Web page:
I was diagnosed with A. A. A. D. D
12-22-2006 11:19 PM
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I was diagnosed with A. A. A. D. D
Recently, I was diagnosed with A A. A. D. D. - Age Activated Attention
Deficit Disorder. This is how it manifests:
I decide to water my garden.
As I turn on the hose in the driveway, I look over at my car and decide my
car needs washing.
As I start toward the garage, I notice that there is mail on the porch
table that I brought up from the mail box earlier.
I decide to go through the mail before I wash the car.
I lay my car keys down on the table, put the junk mail in the garbage can
under the table, and notice that the can is full.
So, I decide to put the bills back on the table and take out the garbage
But then I think, since I'm going to be near the mailbox when I take out
the garbage anyway, I may as well pay the bills first.
I take my check book off the table, and see that there is only 1 check
left. My extra checks are in my desk in the study, so I go inside the
house to my desk where I find the can of Coke that I had been drinking.
I'm going to look for my checks, but first I need to push the Coke aside
so that I don't accidentally knock it over. I see that the Coke is getting
warm, and I decide I should put it in the refrigerator to keep it cold.
As I head toward the kitchen with the Coke, a vase of flowers on the
counter catches my eye--they need to be watered.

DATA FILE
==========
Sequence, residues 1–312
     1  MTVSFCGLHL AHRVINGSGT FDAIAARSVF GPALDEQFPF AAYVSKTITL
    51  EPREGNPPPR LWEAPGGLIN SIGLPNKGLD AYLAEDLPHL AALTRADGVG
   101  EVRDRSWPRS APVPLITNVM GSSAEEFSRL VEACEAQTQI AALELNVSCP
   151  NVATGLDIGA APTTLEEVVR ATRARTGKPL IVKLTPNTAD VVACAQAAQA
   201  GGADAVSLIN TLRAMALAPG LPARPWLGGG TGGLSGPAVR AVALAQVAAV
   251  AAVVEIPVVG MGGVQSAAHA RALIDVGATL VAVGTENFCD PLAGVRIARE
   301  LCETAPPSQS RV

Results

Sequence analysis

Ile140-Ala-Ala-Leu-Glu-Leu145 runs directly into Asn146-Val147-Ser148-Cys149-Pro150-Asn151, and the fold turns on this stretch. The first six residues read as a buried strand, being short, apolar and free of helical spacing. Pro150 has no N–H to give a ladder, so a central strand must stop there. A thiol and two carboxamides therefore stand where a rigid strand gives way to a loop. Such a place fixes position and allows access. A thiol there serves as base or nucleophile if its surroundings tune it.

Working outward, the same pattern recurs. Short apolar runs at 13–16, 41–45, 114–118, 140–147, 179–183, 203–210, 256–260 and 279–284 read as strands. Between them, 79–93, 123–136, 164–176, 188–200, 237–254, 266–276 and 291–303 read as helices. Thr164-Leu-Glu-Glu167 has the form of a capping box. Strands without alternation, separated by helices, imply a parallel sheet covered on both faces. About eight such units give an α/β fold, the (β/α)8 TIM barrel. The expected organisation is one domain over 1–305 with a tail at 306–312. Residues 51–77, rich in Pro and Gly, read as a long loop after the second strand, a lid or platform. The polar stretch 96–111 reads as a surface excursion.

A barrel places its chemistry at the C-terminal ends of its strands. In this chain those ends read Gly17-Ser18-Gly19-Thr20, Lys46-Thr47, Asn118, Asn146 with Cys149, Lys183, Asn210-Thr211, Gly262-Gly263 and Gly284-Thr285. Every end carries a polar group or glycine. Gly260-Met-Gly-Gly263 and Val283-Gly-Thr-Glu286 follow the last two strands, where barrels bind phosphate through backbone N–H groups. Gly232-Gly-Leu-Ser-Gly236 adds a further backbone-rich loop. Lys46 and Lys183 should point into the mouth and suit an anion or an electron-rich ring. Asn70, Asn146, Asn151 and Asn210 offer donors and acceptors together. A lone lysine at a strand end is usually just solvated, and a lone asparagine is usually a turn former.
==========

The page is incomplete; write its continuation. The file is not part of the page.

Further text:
I set the Coke down on the counter, and I discover my reading glasses that
I've been searching for all morning
I decide I better put them back on my desk, but first I'm going to water
I set the glasses back down on the counter, fill a container with water
and suddenly I spot the TV remote. Someone left it on the kitchen table.
I realize that tonight when we go to watch TV, I will be looking for the
remote, but I won't remember that it's on the kitchen table, so I decide
to put it back in the den where it belongs, but first I'll water the
I pour some water in the flowers, but quite a bit of it spills on the
floor. So, I set the remote back down on the table, get some towels and
wipe up the spill.
Then, I head down the hall trying to remember what I was planning to do.
At the end of the day:
----the car isn't washed,
----the bills aren't paid,
----there is a warm can of Coke sitting on the counter,
----the flowers don't have enough water,
----there is still only 1 check in my check book,
----I can't find the remote,
----I can't find my glasses,
----and I don't remember what I did with the car keys.
Then, when I try to figure out why nothing got done today, I'm really
baffled because I know I was busy all day long, and I'm really tired.
I realize this is a serious problem, and I'll try to get some help for
it, but first I'll check my e-mail.
Do me a favor, will you? Forward this message to everyone you know,
because I don't remember to whom it has been sent.
Don't laugh -- if this isn't you yet, your day is coming!!
12-22-2006 11:31 PM
lol wtf, is it contagious? could it be trasmited thru internet forums?